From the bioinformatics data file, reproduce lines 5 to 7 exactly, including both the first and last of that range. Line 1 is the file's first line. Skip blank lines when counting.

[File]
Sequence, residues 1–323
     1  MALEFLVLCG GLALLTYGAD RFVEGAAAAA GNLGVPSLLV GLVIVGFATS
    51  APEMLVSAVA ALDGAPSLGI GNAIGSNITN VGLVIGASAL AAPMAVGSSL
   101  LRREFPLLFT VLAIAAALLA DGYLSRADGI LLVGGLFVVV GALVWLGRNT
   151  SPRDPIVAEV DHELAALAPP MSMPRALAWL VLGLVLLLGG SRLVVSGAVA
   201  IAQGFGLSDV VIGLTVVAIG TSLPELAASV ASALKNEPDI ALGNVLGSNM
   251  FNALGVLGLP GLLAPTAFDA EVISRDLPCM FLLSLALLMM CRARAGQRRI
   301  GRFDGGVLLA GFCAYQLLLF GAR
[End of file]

   151  SPRDPIVAEV DHELAALAPP MSMPRALAWL VLGLVLLLGG SRLVVSGAVA
   201  IAQGFGLSDV VIGLTVVAIG TSLPELAASV ASALKNEPDI ALGNVLGSNM
   251  FNALGVLGLP GLLAPTAFDA EVISRDLPCM FLLSLALLMM CRARAGQRRI